The families of flowering plants
Habit and leaf form. Shrubs (with erect, unbranched stems). Leaves evergreen; alternate; leathery; petiolate; non-sheathing; compound; pulvinate with respect to the joints of the main pinnae and pinnules; pinnate, or bipinnate (the leaflets acuminate, with arcuate-anastomosing nerves); exstipulate. Lamina margins (i.e. of the leaflets) entire.
Leaf anatomy. Stomata present; anomocytic. Minor leaf veins without phloem transfer cells.
Axial (stem, wood) anatomy. Internal phloem absent. Cortical bundles absent. Medullary bundles absent. Secondary thickening developing from a conventional cambial ring. Primary medullary rays wide.
The wood semi-ring porous. The vessel end-walls slightly oblique, or horizontal; simple. The vessels without vestured pits. The axial xylem without fibre tracheids; with libriform fibres; including septate fibres. The parenchyma absent. Included phloem absent.
Reproductive type, pollination. Plants hermaphrodite. Floral nectaries present. Nectar secretion from the androecium (from nectaries borne subapically on the staminodes).
Inflorescence, floral, fruit and seed morphology. Flowers aggregated in inflorescences; in panicles. The ultimate inflorescence units cymose. Inflorescences terminal; many-flowered terminal panicles. Flowers bracteate (the bracts subulate, persistent); bracteolate (the bracteoles few, small); small; regular; more or less 3 merous; cyclic to partially acyclic. The perianth acyclic (the calyx, being variously described as multiseriate or spiralled). Flowers if the outer perianth considered cyclic, polycyclic. Free hypanthium absent. Hypogynous disk absent.
Perianth with distinct calyx and corolla to sequentially intergrading from sepals to petals; 20–60 (many); if considered cyclic, about 6–9 whorled; all petaloid. Calyx 19–50 (many); spirally arranged; polysepalous (the sepals white); strobiloidally imbricate (the sepals decreasing in size acropetally). Corolla 6; polypetalous (the petals a little larger than the inner sepals).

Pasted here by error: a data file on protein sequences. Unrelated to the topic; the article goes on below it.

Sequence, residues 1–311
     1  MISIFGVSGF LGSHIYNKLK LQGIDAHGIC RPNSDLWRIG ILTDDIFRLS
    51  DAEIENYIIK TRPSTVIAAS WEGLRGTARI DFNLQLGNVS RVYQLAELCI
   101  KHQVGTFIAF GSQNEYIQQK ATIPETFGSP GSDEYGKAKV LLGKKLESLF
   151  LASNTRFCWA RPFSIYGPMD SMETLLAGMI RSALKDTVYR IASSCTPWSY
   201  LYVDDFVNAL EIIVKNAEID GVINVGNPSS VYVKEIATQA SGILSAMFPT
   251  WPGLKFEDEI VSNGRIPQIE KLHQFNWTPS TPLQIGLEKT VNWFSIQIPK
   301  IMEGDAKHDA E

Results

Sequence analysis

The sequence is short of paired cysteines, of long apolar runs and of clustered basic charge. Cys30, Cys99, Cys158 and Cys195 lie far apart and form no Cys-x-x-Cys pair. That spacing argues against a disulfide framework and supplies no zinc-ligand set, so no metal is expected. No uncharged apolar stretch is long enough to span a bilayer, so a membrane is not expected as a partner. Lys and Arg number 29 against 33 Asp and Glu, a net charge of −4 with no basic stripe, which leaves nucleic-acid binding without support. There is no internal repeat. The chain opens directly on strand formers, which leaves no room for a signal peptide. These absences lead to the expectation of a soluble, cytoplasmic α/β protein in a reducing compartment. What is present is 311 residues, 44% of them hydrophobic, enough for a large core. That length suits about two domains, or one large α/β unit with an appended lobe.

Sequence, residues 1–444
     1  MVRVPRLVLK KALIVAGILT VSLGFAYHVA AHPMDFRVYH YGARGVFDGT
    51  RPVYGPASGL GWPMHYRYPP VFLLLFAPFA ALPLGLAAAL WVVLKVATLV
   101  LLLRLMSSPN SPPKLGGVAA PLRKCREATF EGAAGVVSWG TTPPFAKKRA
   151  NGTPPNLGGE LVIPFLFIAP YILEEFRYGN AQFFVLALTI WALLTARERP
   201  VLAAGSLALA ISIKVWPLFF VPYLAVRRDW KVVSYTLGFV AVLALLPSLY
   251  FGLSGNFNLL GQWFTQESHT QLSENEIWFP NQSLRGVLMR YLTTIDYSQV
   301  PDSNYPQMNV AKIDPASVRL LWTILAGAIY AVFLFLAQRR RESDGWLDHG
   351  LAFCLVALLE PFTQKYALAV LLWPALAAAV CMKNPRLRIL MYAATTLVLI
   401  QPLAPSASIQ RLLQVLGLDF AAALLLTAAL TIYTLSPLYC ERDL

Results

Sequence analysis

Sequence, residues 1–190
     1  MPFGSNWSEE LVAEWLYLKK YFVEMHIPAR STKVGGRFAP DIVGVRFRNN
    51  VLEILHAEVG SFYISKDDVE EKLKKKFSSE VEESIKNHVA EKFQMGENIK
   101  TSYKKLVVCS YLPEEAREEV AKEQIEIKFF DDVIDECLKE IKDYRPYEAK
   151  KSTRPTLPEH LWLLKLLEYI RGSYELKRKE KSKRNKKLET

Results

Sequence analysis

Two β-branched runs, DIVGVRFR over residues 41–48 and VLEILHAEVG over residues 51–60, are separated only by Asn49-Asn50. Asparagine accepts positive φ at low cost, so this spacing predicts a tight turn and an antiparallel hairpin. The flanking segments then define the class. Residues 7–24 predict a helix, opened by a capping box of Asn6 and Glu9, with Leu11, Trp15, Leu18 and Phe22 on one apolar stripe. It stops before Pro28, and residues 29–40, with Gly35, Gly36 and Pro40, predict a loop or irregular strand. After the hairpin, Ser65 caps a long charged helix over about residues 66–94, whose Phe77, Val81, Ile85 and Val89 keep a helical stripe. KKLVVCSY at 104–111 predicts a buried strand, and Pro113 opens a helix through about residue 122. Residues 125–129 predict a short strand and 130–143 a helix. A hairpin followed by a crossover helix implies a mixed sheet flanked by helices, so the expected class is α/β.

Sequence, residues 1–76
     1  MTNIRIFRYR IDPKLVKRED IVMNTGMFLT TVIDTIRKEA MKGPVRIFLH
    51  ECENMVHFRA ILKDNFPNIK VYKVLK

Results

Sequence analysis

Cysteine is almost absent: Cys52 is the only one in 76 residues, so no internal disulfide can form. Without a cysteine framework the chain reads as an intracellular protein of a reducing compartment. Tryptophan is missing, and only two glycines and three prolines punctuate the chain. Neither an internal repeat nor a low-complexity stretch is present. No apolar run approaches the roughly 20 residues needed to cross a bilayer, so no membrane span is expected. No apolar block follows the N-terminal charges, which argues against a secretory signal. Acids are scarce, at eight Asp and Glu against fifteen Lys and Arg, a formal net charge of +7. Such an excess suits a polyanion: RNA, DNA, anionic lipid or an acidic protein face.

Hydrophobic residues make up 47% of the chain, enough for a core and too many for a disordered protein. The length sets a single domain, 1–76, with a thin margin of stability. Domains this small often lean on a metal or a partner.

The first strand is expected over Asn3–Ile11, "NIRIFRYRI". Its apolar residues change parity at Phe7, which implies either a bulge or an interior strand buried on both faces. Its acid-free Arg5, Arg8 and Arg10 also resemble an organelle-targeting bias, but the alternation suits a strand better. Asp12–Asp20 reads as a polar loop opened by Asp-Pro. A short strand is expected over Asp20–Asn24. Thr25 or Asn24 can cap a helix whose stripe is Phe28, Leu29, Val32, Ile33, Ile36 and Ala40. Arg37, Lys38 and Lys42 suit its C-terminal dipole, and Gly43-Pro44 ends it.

Androecium 6. Androecial members free of the perianth; all equal; free of one another; 1 whorled. Androecium including staminodes. Staminodes 3; external to the fertile stamens; petaloid. Stamens 6; isomerous with the perianth; alternisepalous; filantherous, or with sessile anthers (i.e. the anthers subsessile). Anthers basifixed (the connective broad); non-versatile; dehiscing via longitudinal slits; introrse; shortly appendaged. The anther appendages apical (by short elongation of the connective). Pollen grains aperturate; 3 aperturate; fossaperturate.
Gynoecium ostensibly 1 carpelled. Carpels reduced in number relative to the perianth. The pistil 1 celled. Gynoecium monomerous (or pseudomonomerous?); ostensibly of one carpel; superior. Carpel shortly stylate (the style persistent); (sub-) apically stigmatic; 1 ovuled. Placentation marginal. Ovules pendulous.
Fruit fleshy. The fruiting carpel indehiscent; baccate (globose, red). Fruit 1 seeded. Seeds copiously endospermic. Embryo very small.
Physiology, phytochemistry. Cyanogenic. Cynogenic constituents tyrosine-derived. Proanthocyanidins present; delphinidin. Flavonols absent. Ellagic acid absent. Sieve-tube plastids S-type.
Geography, cytology. Holarctic. Temperate. China, Japan.
Taxonomy. Subclass Dicotyledonae; Crassinucelli. Dahlgrens Superorder Ranunculiflorae; Ranunculales. Cronquists Subclass Magnoliidae; Ranunculales. APG 3 core angiosperms; peripheral eudicot; Superorder Ranunculanae; Order Ranunculales (as a synonym of Berberidaceae).
Species 1. Genera 1; only genus, Nandina.
General remarks. This description is inadequate, especially with regard to the interpretation of perianth and androecium/nectaries. However, the data compiled here have Nandina differing absolutely from Berberidaceae (q.v.) in eight conspicous perianth and androecium characters, as well as in the pendulous ovules.
Illustrations. • Technical details: Nandina (Hutchinson). • Nandina domestica: Bot. Mag. 27 (1808). • Nandina (Chittenden).
The descriptions are offered for casual browsing only. We strongly advise against extracting comparative information from them. This is much more easily achieved using the interactive key, which allows access to the character list, illustrations, full and partial descriptions, diagnostic descriptions, differences and similarities between taxa, lists of taxa exhibiting or lacking specified attributes, distributions of character states within any set of taxa, geographical distribution, genera included in each family, and classifications (Dahlgren; Dahlgren, Clifford, and Yeo; Cronquist; APG).
Cite this publication as: ‘Watson, L., and Dallwitz, M.J. 1992 onwards. The families of flowering plants: descriptions, illustrations, identification, and information retrieval. Version: 2nd April 2015. delta-intkey.com’.